C is for Connectivity or “No neuron is an island”.
Level of analysis is an important problem in cognitive science. We are studying phenomena that can be, at the same time, relevant to genetics, molecular chemistry, behavioural happenings and cultural movements that effect not just one but millions of people. Drawing parallels between these levels is something central to cognitive neuroscience, understanding the brain/behaviour interaction in the most complete way.
Part of understanding the relationships is knowing that the brain is a dynamic system. The activation of an individual neuron effects the surrounding cells which go onto effect further surrounding cells and so on.
At the most basic level, the communication between two cells is achieved by a wave of electrochemical charge called a spike train, travelling down one neuron, releasing neurotransmitters at the terminal buttons which acts as messengers, activating action potential (change in electrical properties) in the receiving neurons. The process, called neuronal firing then repeats.
The adage ‘cells that fire together wire together’ is attributed to Carla Shatz and describes the basic tenets of Hebbian theory. This theory emphasises the causal and intrinsic relationship between two cells. That a muscle-like physical growth occurs when one cell repeatedly activates another. The bond between the two cells grows meaning that it takes less excitatory activity for cell B to be activated in the future.
Relationships build in the neural circuitry. This strengthens specialised subsystems and results in an increased likelihood for cells to activate each other. There are millions of individual neurons in the brain, wired together in an incredibly complex circuitry. For us to fully understand a region of a brain, a subsystem, or even the job of a particular neuron – it is necessary to understand its relationship to the surrounding cells and other parts of the brain.
A good example to draw upon here is the recently Nobel prize winning discovery of place cells. In the 70s Nadel and O’Keefe discovered that certain physical places in the environment triggered the activation of individual neurons in the hippocampus. This is a fairly remarkable discovery and has given way to a multitude of theories that use the isolated relationship between a neuron and a place to explain cognitive maps, long term memory storage and categorization, episodic encoding of information.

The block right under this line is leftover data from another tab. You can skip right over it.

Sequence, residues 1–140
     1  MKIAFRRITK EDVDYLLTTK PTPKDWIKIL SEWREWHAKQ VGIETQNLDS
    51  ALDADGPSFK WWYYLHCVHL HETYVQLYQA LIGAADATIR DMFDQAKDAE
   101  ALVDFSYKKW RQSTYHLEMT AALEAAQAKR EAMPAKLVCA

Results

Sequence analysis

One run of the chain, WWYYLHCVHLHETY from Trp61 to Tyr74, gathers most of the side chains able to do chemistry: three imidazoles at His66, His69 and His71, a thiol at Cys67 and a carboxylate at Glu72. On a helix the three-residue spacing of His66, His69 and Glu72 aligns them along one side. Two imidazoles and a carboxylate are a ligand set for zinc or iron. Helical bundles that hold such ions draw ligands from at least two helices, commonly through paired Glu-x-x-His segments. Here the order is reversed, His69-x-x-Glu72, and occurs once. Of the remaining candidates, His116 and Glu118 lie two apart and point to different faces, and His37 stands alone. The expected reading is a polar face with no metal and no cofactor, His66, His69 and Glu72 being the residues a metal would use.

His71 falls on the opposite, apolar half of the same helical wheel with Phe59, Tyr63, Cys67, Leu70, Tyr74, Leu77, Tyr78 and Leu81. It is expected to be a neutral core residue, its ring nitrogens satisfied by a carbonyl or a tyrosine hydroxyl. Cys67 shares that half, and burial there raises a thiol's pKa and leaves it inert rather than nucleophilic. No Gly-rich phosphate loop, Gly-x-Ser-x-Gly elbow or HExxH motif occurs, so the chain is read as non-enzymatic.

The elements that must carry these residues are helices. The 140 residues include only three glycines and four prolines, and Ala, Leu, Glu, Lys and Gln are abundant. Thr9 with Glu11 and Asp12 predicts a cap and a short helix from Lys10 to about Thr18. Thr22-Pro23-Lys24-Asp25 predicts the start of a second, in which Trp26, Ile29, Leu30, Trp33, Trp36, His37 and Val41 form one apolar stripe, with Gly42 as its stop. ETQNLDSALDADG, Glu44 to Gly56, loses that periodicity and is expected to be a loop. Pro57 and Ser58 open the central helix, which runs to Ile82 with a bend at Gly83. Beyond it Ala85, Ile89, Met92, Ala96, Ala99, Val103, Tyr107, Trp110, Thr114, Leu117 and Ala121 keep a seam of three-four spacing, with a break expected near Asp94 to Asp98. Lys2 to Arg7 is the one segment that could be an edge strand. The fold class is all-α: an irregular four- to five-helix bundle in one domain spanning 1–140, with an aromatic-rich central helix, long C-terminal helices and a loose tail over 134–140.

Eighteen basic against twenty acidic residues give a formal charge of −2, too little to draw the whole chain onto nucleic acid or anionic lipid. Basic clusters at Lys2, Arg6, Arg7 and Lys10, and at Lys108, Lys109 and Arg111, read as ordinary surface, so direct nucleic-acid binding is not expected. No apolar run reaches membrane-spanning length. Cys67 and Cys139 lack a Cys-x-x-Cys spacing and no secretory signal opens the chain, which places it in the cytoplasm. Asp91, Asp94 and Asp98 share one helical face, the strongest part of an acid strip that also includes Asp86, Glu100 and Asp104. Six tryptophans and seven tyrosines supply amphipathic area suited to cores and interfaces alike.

But these theories are just interpretations of possible relationships that this cell has to other parts of the brain and many have been criticised with being overly simplistic. More recently researchers have turned to computer modelling techniques that take into account the functions and properties of individual cells, and the neural networks that these are part of. One such theory takes into account the properties of so called pyramidal cells in the CA3 region of the hippocampus. These cells seem to build very strong networks and have connections to many spatial cells. It has been theorised that they are involved in something called continuous attractor networks which use hairpin activation to inform head direction, orientation and movement in familiar environments.
The hippocampal and spatial memory system can also be approached from a higher level of analysis. Elanor Maguire and many other researchers argue that as we currently lack a complete working mechanistic account of the hippocampus and so we should explore the behavioural and neuropsychological evidence that we have.
They believe that the hippocampus works by constructing coherent scenes for which our memories can be based, ‘synthesizing representations of the world beyond our immediate sensorium’. This ties a number of systems together, episodic and spatial memories as well as spatial navigation and orientation, goal planning and movement.
At a higher level still, global connectivity can be seen in the form of neuronal oscillation, more commonly called brain waves. Without going into too much detail, oscillations are the collective electro-chemical rhythm of mass neuronal activity and, are a good way to appreciate the interconnected brain. In terms of the hippocampus, the hippocampal, theta rhythm is a distinctive oscillation that is thought to originate in the brainstem and medial temporal septum and connect to the hippocampus. The rhythm gives an abstracted representation of the overall activity between a number of interconnected brain areas its occurrence has been linked to motor activity and there are a number of theories explaining its purpose.
These levels of analysis exist partly due to our methods of enquiry. Even at our current technological level we only have access to a limited number of methods and technologies. Each of which are limited in spatial and temporal scope. It is for us to fill in the gaps and draw the parallels in attempts to fully understand neural phenomenon.
The take home message for connectivity is that the brain is immensely complex. Even understanding complete neural architecture as we are starting to, with initiatives such as the connectome project, it is still very difficult, to appreciate the brain as a whole dynamic system.
With connectivity, each level of analysis should be taken into account. How one neuron effects its neighbours and the links one area of the brain has to its surrounding parts. We have been able to map out and attribute jobs and functions to many parts of the brain through neuro-imaging, rare cases of specific brain injuries, animal-lesion studies, etc but understanding the mechanistic interactions of these modalities and truly understanding a role of a brain region as part of the larger system – how its role is expressed as part of behaviour – is much more difficult.
Image at top of the page taken from http://jamesthornton.com/static/images/connectome.jpg depicting visualisation of the connectome project.